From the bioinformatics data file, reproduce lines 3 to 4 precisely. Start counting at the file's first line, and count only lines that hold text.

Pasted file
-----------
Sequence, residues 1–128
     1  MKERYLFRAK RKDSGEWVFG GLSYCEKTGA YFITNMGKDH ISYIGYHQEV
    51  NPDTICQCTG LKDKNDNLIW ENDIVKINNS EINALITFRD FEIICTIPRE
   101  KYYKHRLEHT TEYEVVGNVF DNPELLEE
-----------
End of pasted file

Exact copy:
    51  NPDTICQCTG LKDKNDNLIW ENDIVKINNS EINALITFRD FEIICTIPRE
   101  KYYKHRLEHT TEYEVVGNVF DNPELLEE